“The return of phantoms, of impossible beings,” is how actress Eva Mendes describes Leos Carax’s work during her appearance in “Mr. X,” a reverent tribute to the French auteur that makes him out to be something of an impossible phantom himself. Tessa-Louise Salome’s handsome, appropriately spidery doc draws on interviews with a host of Carax’s collaborators and admirers in an attempt to define the soaring significance of his short filmography — but with Mr. X naturally absent from his own party, any answers remain elusive. Alluring if not especially illuminating, this presently brief pic (presented in Sundance as a work in progress) serves as a tasty primer for audiences who only got wise to Carax with his 2012 comeback feature, “Holy Motors.” Festival programmers will flock, though it’s a niche item from a distribution standpoint.
Salome, who previously directed a 45-minute making-of featurette for “Holy Motors,” was a mere kindergartener when Carax unleashed his debut feature, “Boy Meets Girl,” at the Cannes Film Festival in 1984, so it figures that she should take a somewhat awed, hat-in-hand approach to this project, her own freshman effort. Those after extensive, argumentative critical engagement with Carax’s far-from-unifying body of work are advised to look elsewhere: From longtime leading man Denis Lavant to New Yorker critic Richard Brody to Cannes chief Gilles Jacob, everyone here is in a strictly celebratory mood. Jacob goes so far as to suggest that Carax’s oeuvre is beyond analysis: “His films make no sense in theory,” he says, and means that wholly as a compliment.
Popular on Variety
That said, “Mr. X” offers a sufficiently seductive sampling of le cinema du Carax to make non-converts (in the unlikely event that there are any in the audience) understand why it inspires such depth of feeling. Opening with haunting footage from the abandoned department store that houses the emotional crescendo of “Motors,” Salome’s canny clip selections underline the director’s signature blend of the eerie, the erotic and the ecstatic; any commentary atop them can feel superfluous.
After some general rhapsodizing, Salome segues to a film-by-film discussion, lingering understandably on “The Lovers on the Bridge,” his wildly imagined (and wildly over-budgeted) 1991 Parisian romance. The film’s infamously problematic production and heated reception long ago entered the realm of cinematic lore, and patently changed the course of Carax’s career — though Brody’s argument for it as a reformed failure in the vein of Elaine May’s “Ishtar” or Michael Cimino’s “Heaven’s Gate” doesn’t feel entirely apt. Somewhat shortchanged by comparison is Carax’s marvelous 1999 folly, “Pola X” — perhaps because it’s the director’s only feature not to star Lavant, who is Salome’s most generous and engaging interviewee. Indeed, Carax’s storied collaboration with Lavant (“a technician of the body,” as astutely observed by “Holy Motors” d.p. Caroline Champetier) is a dominant arc of the doc, with many commenters noting their physical and psychological compatibility.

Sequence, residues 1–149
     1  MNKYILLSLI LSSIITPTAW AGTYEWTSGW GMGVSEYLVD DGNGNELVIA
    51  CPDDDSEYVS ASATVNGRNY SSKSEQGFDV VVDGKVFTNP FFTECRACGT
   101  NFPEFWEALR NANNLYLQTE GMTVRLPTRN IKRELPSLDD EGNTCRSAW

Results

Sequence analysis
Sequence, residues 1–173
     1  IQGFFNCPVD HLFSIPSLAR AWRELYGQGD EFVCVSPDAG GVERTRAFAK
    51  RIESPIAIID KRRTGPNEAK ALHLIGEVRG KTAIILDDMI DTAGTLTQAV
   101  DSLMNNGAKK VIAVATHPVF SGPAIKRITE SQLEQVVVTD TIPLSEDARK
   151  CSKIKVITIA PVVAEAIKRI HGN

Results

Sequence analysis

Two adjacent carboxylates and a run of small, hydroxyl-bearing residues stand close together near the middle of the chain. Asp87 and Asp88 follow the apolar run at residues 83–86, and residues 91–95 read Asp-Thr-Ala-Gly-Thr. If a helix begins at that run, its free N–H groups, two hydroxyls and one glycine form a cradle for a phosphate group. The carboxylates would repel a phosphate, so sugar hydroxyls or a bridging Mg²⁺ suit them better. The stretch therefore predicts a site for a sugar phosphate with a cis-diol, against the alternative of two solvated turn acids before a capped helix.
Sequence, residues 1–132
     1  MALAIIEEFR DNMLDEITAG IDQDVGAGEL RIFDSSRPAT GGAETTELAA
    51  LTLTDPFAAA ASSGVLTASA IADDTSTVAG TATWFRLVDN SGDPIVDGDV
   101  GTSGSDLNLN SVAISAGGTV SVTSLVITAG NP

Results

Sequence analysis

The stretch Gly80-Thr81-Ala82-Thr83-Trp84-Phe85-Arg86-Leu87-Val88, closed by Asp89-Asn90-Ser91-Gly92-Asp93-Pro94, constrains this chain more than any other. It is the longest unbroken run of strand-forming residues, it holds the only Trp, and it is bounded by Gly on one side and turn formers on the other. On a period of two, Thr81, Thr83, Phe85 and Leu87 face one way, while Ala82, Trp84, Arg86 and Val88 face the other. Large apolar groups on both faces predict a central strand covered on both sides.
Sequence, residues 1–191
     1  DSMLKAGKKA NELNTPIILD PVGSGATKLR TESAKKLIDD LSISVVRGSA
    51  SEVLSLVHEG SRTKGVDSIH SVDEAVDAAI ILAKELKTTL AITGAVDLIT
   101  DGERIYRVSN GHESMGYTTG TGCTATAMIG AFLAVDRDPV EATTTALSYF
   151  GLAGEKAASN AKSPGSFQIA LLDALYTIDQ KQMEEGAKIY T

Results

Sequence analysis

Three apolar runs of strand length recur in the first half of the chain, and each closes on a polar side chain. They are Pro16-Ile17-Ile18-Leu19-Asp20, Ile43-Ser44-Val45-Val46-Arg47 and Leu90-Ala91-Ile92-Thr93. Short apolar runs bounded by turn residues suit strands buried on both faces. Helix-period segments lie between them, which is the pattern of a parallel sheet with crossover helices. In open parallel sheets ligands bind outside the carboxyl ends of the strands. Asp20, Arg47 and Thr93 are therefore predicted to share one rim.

Talking heads represent a healthy balance of celebrity and cinephilia: It says much about Carax’s unique directorial brand that Kylie Minogue (whose palpable pride in “Holy Motors” is most endearing) and Kent Jones can be roped in to talk him up with equal enthusiasm. Though Carax himself is not on hand, Salome and fellow editors Laureline Attali and Gabriel Humeau deftly weave in enough archive interview footage that he at least feels spiritually present. Also available only in archival form is his former leading lady and ex-g.f. Juliette Binoche — the star’s absence is unsurprising, though the extended contribution of her sister Marion Stalens (a set photographer on Carax’s films) feels like odd compensation.
With the interview segments elegantly shot by Kaname Onoyama, often through a gauze of smoke and shadow, “Mr. X” feels happily consistent with — but not overly derivative of — the work of its subject. Salome is set to add more footage, having completed this version in time for Sundance and Rotterdam premiere dates, but the length and scope of the project as it stands aren’t especially lacking.